Reid's Jekyll is a man of science and charity. An elderly Scottish doctor who tends the sick by day while trying to improve mankind's lot through science and political activism by night, he is every inch the Victorian gentleman, right down to his chaste friendship with Mrs Ann Cogersham (Lisa Harrow), the widow of a crusading MP. However, when he isn't trying to save the world, Jekyll is a deeply conflicted and twisted man. In love with Cogersham but too timid and worried about propriety to act upon his feelings, he ventures out at night in order to be beaten by hideous cackling prostitutes. When Jekyll takes his potion (composed of mescal and opiates dissolved in ether) he turns not into an unwashed and uncivilised member of the proletariat but a cocky and dapper upper class Englishman who immediately dresses for a night at the opera and struts off to pay a 14-year-old flower girl for sex ("You're just a common harlot, aren't you?" he coos into her face). Reid's Hyde is less a manifestation of Jekyll's true desires than he is a man empowered by rather than constrained by his every whim, desire and impulse. Jekyll is not so much trapped inside Hyde as addicted to becoming him (hence the explicitly narcotic character of the potion and the trippy Sapphire And Steel-style visuals surrounding the transformation). When a magistrate sees Hyde brutally beating a rent boy, Hyde turns on the magistrate, clubbing him to death before taking flight. Jekyll tries again and again to rid himself of Hyde by destroying his formula but a stressful night observing the poverty in inner London or a flash of self-righteousness while on his way to a meeting is enough to push him off the wagon and back into the intoxicating embrace of Hyde's libido.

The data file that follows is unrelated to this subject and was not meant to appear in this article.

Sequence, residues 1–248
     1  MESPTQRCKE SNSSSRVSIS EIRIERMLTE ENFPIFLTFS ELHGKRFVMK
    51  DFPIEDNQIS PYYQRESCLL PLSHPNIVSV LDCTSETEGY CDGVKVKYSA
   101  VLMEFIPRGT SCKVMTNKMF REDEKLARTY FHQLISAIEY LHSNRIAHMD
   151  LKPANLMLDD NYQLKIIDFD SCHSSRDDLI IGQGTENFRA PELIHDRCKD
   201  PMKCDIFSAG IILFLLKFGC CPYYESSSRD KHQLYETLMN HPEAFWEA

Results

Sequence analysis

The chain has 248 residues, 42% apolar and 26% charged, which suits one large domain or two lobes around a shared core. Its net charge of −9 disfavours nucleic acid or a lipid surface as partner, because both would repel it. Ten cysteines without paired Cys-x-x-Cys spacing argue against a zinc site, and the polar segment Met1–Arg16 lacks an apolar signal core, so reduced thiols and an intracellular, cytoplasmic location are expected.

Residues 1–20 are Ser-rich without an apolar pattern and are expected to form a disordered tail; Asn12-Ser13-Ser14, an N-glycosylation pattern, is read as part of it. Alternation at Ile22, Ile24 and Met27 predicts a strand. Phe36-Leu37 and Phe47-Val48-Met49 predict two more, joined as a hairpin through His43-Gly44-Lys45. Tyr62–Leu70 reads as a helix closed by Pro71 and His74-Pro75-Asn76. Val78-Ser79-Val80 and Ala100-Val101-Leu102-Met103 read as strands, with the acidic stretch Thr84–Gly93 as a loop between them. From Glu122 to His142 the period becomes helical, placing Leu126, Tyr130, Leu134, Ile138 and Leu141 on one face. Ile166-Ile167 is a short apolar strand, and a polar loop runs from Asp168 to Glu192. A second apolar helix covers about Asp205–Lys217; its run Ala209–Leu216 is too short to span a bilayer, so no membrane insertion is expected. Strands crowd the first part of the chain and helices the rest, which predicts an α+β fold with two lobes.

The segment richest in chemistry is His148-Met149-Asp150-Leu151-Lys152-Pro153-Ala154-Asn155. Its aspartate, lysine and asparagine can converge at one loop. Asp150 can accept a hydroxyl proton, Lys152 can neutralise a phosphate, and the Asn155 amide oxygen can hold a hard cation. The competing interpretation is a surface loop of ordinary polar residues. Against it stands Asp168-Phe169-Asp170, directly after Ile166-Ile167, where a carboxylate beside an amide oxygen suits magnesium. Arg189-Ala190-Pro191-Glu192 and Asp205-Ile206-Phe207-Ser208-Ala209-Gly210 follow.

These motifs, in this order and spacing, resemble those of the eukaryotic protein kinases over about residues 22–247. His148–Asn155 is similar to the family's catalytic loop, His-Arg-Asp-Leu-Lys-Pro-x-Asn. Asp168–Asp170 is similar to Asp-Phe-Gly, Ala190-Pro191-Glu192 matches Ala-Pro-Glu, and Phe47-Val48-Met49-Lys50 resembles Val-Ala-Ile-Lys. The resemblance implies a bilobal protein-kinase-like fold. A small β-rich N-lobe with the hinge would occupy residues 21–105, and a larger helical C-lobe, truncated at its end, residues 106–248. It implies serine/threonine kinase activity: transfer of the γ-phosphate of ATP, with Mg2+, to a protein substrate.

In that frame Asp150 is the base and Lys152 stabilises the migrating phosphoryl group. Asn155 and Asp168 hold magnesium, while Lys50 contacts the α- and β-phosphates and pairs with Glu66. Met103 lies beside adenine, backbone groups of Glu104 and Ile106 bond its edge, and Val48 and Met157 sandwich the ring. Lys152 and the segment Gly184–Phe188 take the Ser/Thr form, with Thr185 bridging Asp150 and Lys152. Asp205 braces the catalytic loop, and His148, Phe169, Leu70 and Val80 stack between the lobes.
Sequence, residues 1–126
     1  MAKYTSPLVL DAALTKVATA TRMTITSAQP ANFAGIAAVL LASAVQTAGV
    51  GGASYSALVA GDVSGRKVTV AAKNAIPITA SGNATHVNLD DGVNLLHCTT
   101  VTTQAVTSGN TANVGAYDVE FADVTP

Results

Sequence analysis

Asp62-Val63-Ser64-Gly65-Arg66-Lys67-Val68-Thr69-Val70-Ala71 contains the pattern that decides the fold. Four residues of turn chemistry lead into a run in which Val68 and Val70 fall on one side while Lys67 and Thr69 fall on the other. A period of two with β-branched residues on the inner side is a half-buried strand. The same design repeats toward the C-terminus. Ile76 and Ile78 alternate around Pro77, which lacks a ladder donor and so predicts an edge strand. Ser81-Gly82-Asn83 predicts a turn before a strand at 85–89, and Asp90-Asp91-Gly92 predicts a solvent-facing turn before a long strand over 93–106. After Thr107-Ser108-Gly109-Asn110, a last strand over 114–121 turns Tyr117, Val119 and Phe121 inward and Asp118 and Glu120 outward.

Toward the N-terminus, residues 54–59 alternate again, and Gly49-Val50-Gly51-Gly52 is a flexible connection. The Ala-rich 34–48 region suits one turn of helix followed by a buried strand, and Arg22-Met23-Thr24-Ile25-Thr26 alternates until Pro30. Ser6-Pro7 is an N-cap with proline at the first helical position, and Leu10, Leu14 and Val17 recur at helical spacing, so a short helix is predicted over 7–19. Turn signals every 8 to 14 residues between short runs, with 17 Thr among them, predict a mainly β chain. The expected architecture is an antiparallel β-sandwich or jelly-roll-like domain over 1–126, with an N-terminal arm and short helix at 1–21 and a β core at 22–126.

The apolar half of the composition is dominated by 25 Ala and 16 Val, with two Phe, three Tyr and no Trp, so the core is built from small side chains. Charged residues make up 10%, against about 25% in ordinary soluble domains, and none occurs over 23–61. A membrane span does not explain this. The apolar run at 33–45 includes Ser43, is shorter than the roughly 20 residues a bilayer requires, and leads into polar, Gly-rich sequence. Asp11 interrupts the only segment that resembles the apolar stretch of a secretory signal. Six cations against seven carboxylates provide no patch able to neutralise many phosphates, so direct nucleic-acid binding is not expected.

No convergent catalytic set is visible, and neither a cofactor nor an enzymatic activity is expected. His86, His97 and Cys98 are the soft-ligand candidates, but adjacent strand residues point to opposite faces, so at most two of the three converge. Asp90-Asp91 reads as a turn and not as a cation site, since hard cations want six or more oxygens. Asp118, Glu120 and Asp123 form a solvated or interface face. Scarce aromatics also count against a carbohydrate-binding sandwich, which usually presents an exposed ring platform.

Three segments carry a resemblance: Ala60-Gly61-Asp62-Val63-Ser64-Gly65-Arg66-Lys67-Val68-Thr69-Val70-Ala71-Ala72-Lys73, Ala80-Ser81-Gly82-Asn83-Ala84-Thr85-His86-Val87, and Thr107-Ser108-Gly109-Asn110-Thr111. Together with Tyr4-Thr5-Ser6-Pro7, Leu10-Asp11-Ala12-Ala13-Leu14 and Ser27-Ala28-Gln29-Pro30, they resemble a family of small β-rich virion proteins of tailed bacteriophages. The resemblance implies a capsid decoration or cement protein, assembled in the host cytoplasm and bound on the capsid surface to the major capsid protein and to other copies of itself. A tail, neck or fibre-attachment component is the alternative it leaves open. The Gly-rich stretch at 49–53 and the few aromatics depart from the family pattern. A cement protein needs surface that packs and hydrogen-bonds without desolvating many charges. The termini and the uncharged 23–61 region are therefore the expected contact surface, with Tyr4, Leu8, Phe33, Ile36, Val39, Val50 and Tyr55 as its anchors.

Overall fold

Aside from the intriguing way in which Hyde is treated as a high that Jekyll cannot help himself from chasing, Reid and Savory's adaptation is also strangely free from morality. Jekyll has no problems with Hyde shagging under-age prostitutes or even with his getting the scullery maid tanked up on mescaline and booze in order to have his way with her. His problem with Hyde is the extent to which Hyde's lack of impulse control ultimately affects Hyde's life and endangers his position. This lack of morality is not only a clever comment upon a world where the concepts of good and evil were becoming increasingly grey but also an intelligent attempt at projecting a junkie's self-serving priorities onto an upstanding Victorian gentleman.

Clearly shot on tape and using rudimentary visual effects, this production nonetheless crackles with quality. Hemmings is powerful in his dual role (aided in no small way by excellent hair and makeup effects), Ian Bannen reprises the slightly off-centre loucheness of his Jim Prideau from Tinker, Tailor, Soldier, Spy and the dialogue and secondary performances are equally excellent. The only real disappointments are the decision to use synthesiser music rather than the real thing (giving this series a slightly Doctor Who-ish feel at times) and the film's slight sagging in the middle as a little too long is spent on the relationship between Jekyll and Mrs Cogersham which relies entirely upon the final denouement for its power anyway.

All things considered this is an excellent adaptation of a classic play marred only by the complete lack of any discernible extras on this DVD (released on 25 June 2007 by Second Sight), and an overly dark digital transfer which makes a number of early scenes difficult to follow. Warmly recommended to anyone who likes uncompromising intelligent drama.
Dr Jekyll and Mr Hyde

Please support this
website - buy stuff
using these links:
Amazon.co.uk
Amazon.com
Send it DVDs
W.H. Smith
Movie Posters

home  articles  profiles  interviews  essays  books  movies  competitions  guidelines  issues  links  archives  contributors  email
copyright © 2001 - 2007 Pigasus Press